After about 39 years in law enforcement and serving eight years as chief of the Wheatland Police Department, Allyn Wightman announced plans to retire in January.
At the age of 20, he was hired with the Kings County Sheriff’s Department. He went on to work for the Visalia Police Department – some of the positions he had included canine officer, SWAT member, juvenile detective, violent crimes detective, sergeant and eventually he was accepted as a lieutenant area commander.
“I worked up through the ranks, retiring as an area commander,” Wightman said. “... I retired in July 2011 and this job kind of fell in my lap ... so I lasted four months in retirement.”
“I’m not one to be able to sit behind a desk, I can now that I’m older, but back then, I was 20 when I was hired and I started in a jail,” Wightman said. “(In) this profession, not to quote Forrest Gump, but you never know what you’re going to get.”
He said, over the years, he has seen some bizarre cases, saved a couple of lives using CPR and caught a lot of “bad guys” when he worked with a canine – but one of the main highlights, he said, would be watching other officers grow in their careers.
“Mentoring young officers, being their advocate and watching them promote through the ranks,” Wightman said. “... Starting out as rookie officers and seeing where they are now from where they were is really gratifying.”
He said the Wheatland department is kind of like a training department – where young officers get their start and eventually move on to a larger agency.
“There’s not a lot that goes on here and young officers come here and get a realistic approach of this job,” Wightman said. “It’s not fast paced so they can learn the ins and outs and then they eventually move on to a larger agency.”
However, some officers stick around, he said, and he’s happy about that.
“They’re engrained and they’re invested in the community,” he said.
Chris Ellis, Wheatland police officer, has worked with Wightman for the last seven years and Wheatland is where his law enforcement career began.
“When I got out of the academy, there was almost a hiring freeze and a lot of law enforcement were being laid off all over the state and country,” Ellis said. “The chief gave me my one option and an opportunity to be here, so if it wasn’t for him, I wouldn’t be where I’m at today.”
Wightman said the department has come a long way since he first started.
“When I first got here, we were on Second Street and the police department was a double-wide mobile home,” he said. “We have since moved into this facility (on Main Street), have very modern equipment.”
Wightman said the department also had been buying used patrol vehicles.
“Through good fiscal management and keeping an eye on the budget, we don’t buy used cars anymore,” he said. “We buy top-of-the-line patrol cars, we have the best weapons, we provide officers with all of the mandated training plus additional training inside our training budget.”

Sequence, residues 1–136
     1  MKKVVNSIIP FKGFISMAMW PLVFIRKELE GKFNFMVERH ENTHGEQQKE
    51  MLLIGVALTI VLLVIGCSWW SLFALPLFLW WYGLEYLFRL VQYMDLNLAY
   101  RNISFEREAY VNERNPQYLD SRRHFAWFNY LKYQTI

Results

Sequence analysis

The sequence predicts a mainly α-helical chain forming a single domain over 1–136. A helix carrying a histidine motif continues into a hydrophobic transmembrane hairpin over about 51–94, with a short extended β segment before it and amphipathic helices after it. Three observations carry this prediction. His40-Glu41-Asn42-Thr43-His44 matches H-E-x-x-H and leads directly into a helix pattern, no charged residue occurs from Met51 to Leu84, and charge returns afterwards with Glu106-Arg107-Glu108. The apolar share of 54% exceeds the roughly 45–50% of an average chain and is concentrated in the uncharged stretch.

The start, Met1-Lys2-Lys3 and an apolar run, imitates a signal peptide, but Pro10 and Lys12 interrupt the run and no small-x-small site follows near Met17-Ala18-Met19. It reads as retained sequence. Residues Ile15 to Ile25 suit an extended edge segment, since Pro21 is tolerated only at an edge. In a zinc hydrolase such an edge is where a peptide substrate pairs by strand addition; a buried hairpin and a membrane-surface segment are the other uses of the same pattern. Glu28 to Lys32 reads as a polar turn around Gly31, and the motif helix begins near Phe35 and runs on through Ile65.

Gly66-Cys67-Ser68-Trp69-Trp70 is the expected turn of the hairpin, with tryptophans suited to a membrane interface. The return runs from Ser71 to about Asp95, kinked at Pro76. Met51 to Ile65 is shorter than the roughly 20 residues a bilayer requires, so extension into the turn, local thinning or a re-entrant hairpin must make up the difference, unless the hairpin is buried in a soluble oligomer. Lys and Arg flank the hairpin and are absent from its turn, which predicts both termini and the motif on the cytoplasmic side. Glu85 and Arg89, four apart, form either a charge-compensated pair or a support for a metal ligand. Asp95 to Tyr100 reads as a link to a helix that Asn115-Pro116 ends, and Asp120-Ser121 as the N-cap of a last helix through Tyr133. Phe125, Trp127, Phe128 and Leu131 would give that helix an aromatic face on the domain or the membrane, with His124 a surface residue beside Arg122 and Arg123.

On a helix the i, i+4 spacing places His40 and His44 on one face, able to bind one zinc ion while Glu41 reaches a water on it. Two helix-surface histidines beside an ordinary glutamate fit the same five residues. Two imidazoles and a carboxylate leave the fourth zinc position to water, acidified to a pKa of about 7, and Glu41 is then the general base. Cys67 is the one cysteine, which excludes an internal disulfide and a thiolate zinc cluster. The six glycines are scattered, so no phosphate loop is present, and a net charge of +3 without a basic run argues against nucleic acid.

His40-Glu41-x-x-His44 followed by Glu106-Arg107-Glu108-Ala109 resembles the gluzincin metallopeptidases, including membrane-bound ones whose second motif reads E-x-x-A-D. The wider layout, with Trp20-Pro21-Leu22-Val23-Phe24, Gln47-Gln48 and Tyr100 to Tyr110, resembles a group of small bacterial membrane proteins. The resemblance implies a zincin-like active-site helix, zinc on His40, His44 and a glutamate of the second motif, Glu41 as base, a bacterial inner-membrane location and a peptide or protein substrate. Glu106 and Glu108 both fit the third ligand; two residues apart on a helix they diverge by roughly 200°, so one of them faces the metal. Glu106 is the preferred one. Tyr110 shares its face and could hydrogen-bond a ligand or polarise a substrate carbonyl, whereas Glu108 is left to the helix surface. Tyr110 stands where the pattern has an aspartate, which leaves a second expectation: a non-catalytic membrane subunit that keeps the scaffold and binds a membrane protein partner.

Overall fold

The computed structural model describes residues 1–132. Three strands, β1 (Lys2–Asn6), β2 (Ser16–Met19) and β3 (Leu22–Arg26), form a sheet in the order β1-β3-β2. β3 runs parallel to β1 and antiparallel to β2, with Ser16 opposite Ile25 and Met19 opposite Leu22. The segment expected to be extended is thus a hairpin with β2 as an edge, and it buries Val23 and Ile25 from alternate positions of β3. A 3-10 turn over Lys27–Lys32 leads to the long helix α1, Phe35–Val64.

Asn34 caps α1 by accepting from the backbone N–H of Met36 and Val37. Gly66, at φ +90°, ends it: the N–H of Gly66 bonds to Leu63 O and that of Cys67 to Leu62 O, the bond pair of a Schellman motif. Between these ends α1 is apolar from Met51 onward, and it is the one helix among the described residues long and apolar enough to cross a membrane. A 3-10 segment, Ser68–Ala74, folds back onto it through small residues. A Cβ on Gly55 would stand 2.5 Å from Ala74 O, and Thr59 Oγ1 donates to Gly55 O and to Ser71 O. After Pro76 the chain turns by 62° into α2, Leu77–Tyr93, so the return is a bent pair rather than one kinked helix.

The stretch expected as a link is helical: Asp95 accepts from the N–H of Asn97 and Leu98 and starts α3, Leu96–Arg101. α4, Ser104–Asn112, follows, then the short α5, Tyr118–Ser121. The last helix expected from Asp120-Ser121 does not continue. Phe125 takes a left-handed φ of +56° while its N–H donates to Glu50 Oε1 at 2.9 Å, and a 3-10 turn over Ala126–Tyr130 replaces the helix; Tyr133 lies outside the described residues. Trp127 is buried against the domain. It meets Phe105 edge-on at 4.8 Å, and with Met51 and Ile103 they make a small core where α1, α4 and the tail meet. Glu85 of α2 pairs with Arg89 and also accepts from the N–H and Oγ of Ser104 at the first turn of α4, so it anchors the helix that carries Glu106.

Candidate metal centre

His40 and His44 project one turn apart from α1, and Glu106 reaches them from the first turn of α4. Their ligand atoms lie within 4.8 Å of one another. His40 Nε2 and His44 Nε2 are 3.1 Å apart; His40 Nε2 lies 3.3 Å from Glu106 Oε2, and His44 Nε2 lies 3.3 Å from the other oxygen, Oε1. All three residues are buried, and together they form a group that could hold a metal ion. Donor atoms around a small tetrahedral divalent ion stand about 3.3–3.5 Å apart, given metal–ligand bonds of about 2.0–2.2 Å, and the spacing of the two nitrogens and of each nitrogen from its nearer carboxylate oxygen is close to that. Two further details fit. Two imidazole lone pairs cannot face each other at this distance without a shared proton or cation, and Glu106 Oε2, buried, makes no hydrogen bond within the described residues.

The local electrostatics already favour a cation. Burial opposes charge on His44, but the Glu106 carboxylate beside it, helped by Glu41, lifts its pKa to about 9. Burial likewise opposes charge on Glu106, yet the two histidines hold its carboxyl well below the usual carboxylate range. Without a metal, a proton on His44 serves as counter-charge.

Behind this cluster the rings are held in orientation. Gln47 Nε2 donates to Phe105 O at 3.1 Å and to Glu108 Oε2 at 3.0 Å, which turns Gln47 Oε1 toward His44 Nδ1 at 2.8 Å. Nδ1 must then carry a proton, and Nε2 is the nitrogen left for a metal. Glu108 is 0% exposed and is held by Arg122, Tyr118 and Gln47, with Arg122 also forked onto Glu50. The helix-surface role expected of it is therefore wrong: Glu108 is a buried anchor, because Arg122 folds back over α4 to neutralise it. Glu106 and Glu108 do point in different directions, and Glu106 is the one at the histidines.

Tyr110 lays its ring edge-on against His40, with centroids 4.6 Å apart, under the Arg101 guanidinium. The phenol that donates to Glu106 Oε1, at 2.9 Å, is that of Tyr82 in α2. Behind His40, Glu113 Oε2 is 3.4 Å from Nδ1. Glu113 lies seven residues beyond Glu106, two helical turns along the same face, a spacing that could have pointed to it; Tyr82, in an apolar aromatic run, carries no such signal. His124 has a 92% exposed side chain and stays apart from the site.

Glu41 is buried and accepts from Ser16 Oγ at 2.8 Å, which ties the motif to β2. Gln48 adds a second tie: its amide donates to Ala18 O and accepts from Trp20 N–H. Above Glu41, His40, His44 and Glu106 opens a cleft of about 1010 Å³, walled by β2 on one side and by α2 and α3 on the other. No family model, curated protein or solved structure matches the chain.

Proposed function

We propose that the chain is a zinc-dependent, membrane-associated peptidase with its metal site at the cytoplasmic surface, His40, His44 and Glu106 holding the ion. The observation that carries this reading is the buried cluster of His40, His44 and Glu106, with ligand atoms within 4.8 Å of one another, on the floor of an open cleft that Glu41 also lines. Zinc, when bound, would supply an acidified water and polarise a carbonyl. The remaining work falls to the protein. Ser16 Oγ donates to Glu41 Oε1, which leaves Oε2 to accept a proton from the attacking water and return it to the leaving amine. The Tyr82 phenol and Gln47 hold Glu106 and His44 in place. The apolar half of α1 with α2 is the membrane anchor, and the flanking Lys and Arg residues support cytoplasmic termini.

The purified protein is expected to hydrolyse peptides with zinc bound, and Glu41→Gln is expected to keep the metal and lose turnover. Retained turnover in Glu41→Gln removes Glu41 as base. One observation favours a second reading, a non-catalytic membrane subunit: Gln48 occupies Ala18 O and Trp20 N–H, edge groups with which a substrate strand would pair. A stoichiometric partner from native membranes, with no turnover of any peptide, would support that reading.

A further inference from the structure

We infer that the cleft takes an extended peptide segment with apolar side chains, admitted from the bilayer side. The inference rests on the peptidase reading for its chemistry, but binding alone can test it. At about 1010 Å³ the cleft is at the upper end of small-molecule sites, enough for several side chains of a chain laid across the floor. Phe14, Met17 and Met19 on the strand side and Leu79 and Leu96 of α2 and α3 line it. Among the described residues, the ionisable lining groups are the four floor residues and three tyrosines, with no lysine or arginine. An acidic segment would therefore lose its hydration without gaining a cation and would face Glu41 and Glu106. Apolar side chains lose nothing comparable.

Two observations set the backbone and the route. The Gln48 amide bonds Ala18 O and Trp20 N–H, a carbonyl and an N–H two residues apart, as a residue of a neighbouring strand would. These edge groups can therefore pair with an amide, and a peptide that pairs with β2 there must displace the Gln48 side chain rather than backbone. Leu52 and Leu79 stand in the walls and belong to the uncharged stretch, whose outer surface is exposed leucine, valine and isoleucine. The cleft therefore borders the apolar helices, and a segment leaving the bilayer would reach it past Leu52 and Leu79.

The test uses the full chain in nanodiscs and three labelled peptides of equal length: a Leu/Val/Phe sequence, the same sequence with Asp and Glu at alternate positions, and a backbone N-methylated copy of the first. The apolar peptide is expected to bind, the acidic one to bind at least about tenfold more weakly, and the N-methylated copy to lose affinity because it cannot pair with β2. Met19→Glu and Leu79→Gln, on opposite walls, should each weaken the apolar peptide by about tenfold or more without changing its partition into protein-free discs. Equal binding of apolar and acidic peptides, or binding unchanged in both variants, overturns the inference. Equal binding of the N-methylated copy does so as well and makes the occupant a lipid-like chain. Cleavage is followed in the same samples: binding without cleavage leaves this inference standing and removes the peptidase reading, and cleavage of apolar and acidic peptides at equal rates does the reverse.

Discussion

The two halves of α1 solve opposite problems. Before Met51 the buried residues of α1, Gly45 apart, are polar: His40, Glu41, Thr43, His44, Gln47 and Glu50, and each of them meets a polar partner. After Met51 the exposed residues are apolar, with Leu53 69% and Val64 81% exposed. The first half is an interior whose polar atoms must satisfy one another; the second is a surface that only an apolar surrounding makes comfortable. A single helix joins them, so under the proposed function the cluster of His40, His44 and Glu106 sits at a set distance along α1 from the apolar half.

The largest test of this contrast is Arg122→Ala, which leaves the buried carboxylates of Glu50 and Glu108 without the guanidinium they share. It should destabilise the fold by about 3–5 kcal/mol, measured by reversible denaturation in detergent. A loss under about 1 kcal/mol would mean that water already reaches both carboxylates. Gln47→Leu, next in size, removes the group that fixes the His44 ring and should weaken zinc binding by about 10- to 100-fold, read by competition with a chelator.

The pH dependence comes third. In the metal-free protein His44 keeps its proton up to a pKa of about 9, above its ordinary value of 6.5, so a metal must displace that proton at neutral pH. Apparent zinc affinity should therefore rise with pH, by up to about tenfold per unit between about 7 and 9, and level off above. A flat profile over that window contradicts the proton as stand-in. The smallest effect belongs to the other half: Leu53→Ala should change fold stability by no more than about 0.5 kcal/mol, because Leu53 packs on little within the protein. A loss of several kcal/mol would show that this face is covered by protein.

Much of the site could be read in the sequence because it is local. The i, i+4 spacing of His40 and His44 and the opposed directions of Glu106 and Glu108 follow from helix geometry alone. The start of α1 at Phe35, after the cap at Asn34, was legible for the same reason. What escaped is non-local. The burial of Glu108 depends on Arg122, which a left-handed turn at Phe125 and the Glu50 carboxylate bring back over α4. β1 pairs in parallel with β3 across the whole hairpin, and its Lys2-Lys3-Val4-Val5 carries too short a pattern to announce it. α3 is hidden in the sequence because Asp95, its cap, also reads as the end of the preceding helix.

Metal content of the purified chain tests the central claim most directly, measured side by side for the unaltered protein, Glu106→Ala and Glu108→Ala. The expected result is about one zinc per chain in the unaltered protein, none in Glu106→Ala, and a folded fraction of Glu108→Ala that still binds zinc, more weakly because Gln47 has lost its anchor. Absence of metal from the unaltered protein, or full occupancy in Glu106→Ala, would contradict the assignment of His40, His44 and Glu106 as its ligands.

Toni Gugliotti, administrative assistant with the department, who has been with the department since 2009, said she has been given several opportunities to get involved in a lot of different things since Wightman has been chief that she wouldn’t have had the opportunity to do.
“(Wightman is) very open to requests for additional training,” Gugliotti said. “He also gives us opportunities to participate with other agencies and expand our knowledge and skill levels.”
Wightman said keeping a full staff has probably been one of the biggest challenges.
“We’re a 24/7 operation,” he said. “There’s eight sworn officers, including myself, so there’s seven patrolmen and I have four reserve officers, we rely heavily on them. So if one gets injured or one leaves, it puts a major burden on everyone else because we still have to provide that same coverage.”
He said keeping a recruiting pool and retention are two important things to keep in mind.
Wightman said he felt like it was time for him to retire and that it will be good for the department and community to have a new face.
“I think it will be good for the department because of bringing in a fresh set of eyes with new modern visions. I’m old school,” he said. “It will be good for the officers here, it will be good for the community. We’ve done some great things in eight years here but it’s time to get somebody fresh and energized.”
Wightman said he plans to take a break and relax for about six months but then would consider doing some consulting or interim chief work at small agencies before they hire or recruit a permanent chief. But it all depends.
“I’m kind of an energetic guy so standing around, doing nothing is not my style,” he said. “But I’ve got three grandkids so they’re going to occupy a lot of my time.”
Wightman said it’s been an honor to serve as the police chief for Wheatland.
“It’s been an honor to serve this community,” he said. “… I think we’ve created a very safe community here, the officers are responding on the spot, providing a good level of community service, we’re invested here and we want to keep Wheatland safe.”
Allyn Wightman, current Wheatland Police Chief, announced that he will be retiring in January 2020.
Jim Goodwin, Wheatland city manager, said the city will likely begin the recruitment process in September and expects the process to go into the fall and have someone on board by the first of the year.
While Goodwin has been with the city one year, he said he believes Wightman has been a highly professional chief and works very hard on training officers.
“He’s dedicated to the community and his officers,” Goodwin said. “... Allyn Wightman has been a fine police chief for the city of Wheatland and we will be sorry to see him go.”